Is Israel and Iran starting war of attrition? Middle East News and main news


The alleged attack by Israel against an Iranian outpost in Syria last Saturday could start a new confrontation between Tel Aviv and Tehran. It also indicates that tensions between Israel and Russia are on the rise.

The civil war of almost seven years of the Syrians may be coming to an end, but that does not mean peace for the Levant. Quite the opposite: a new battle has begun.

On the one hand, Russia and Iran, the official sponsors of Syrian President Bashar al-Assad, have invested in their regime. Now they reap the fruits of victory. Russia wants to expand its only port in the Mediterranean in Tartus, Syria, and increase its military presence on the southern flank of NATO. Moscow has also signed contracts with Assad on economic cooperation.

Iran has come closer to fulfilling its dream of a land runner to the Mediterranean. He has stated that he intends to establish a permanent military presence in Syria, close to his archenemy Israel.

These prospects have the United States and Israel extremely concerned, and determined to preempt such a scenario at any cost. Now, his war of words may have turned into a military intervention.

According to Syrian official media, Israeli forces attacked a military compound in Al Kiswah, south of Damascus. A report by the BBC said the base was being refitted to serve as a future center for the ground troops of Iran's Revolutionary Guards. Independent sources have confirmed this.

The attack by Israel served as a warning message with two addressees: Iran and the alleged ally of Israel, Russia.

That may be a surprise. In public, Israeli Prime Minister Benjamin Netanyahu has boasted of his excellent relationship with Russian President Vladimir Putin. They established a unique mechanism to avoid a potential clash between Israel's air force and Russian troops in Syria. That has given Israel a great degree of freedom in the skies of Syria to safeguard its security interests.

 Residents observing the damage after an air strike on Sunday in the eastern Ghouta rebel enclave outside Damascus, allegedly by forces loyal to the Syrian government. Syria's nearly seven-year civil war may be coming to an end, but residents
observed the damage after an air strike on Sunday in the eastern Ghouta enclave outside Damascus, allegedly by forces loyal to the Syrian government. The civil war of almost seven years of the Syrians may be coming to an end, but that does not mean peace for the Levant. PHOTO: EPA-EFE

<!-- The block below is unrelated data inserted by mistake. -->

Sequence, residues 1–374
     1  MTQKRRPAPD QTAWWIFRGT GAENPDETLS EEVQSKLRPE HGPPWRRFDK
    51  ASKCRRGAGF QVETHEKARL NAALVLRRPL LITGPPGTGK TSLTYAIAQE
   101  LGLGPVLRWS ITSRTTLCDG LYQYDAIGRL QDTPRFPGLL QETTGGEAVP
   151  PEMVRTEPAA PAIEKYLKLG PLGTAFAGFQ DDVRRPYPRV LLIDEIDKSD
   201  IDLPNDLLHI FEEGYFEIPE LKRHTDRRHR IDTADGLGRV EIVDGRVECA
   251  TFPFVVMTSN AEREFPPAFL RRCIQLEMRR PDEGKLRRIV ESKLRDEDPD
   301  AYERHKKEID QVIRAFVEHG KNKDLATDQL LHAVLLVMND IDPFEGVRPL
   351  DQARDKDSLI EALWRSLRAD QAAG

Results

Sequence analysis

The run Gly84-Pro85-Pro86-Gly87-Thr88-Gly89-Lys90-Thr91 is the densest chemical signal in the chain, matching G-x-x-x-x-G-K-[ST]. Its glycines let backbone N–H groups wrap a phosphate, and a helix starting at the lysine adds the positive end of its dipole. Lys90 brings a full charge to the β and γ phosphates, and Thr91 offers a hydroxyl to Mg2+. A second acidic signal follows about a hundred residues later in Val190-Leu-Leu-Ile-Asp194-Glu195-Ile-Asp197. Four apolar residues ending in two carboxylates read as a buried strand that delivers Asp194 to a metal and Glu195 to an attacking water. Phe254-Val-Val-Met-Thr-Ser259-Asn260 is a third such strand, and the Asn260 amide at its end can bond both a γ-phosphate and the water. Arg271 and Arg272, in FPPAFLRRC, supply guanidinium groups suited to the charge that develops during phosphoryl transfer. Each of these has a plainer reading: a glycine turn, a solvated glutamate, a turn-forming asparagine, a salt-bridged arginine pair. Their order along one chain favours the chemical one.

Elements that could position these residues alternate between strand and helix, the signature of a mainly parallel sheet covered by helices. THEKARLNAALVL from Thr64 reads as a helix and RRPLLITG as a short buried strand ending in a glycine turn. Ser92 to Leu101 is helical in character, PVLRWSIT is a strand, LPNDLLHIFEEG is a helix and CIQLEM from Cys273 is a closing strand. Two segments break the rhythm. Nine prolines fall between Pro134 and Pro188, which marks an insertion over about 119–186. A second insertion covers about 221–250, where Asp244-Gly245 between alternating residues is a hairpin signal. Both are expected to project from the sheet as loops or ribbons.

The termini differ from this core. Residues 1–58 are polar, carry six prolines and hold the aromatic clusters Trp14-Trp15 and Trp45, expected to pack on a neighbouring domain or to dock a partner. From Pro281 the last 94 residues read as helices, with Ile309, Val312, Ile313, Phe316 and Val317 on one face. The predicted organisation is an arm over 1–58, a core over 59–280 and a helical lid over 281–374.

According to its air force chief, Israel has attacked targets in Syria more than 100 times since the outbreak of the civil war, mainly to destroy shipments of weapons destined for to Hezbollah , a Shia militia bent on destroying Israel that has become Iran's most powerful foreign policy tool. Moscow refused to comment on almost every attack, taciturn recognition of Israel's security needs.

Now, however, it seems that the Russian-Israeli agreement has reached a standstill over Iran. Putin has refused to support Israel's request to limit Tehran's military presence in Syria.

A year ago, Netanyahu warned that Iran was replacing the Islamic State in Iraq and Syria there. That warning has come true. According to the Iranian opposition, Iran has more than 70,000 fighters in Syria: hundreds of its own soldiers, around 7,000 Hizbollah fighters, thousands of Afghan recruits in the Al Fatemiyoun militia and volunteers from Iraq and Pakistan.

Mr. Netanyahu visited Putin repeatedly, warning him in August in Sochi that Iran "no longer tries to create a terror front in Syria but, rather, (is) establishing a military force." "These are things we can not accept," he warned. That did not impress Putin, nor has it stimulated Israel's most important ally, the United States, into action.

When Moscow, Washington and Amman signed a ceasefire agreement for southern Syria several weeks ago, they did not order the Iranian troops to stay far from the border of Israel.

Mr. Netanyahu felt compelled to raise the bet. His defense minister requested to increase Israel's defense budget by more than one billion dollars (S $ 1.35 billion) over the next five years. Israeli Chief of Staff Gadi Eisenkot told a Saudi newspaper that Israel would not tolerate Iranian troops within 50 kilometers of its border.

The attack on Al Kiswah, closer to Israel than the one plotted by General Eisenkot, is the increase of Israel's diplomacy the pressure another notch. "It was a signal for Moscow," said Russian expert Alex Tenzer. "They wanted to show Putin that they want to say what they say."

It is not clear how Moscow will respond, but last week, the head of the Knesset Foreign Affairs Committee, Avi Dichter, returned from Moscow and said: "Russia is working for Assad to control Syria and that the country will be clean of foreign forces, including Iranians. "

With Mr. Putin maintaining neutrality and the United States maintaining morale, Israel's attack is understood primarily as a warning to Tehran. Its central message: Israel is even willing to risk open warfare to prevent Iran from deepening its military presence near its borders. Therefore, the attack was only the beginning of a prolonged campaign, in which Iran will try to build, and Israel will demolish, the military infrastructure.

For now, the war seems remote since Israel carefully calibrated the attack to attack empty buildings, so Iran is not obliged to retaliate. Still, nothing guarantees that things remain discreet. The climb is just another distance bomb.

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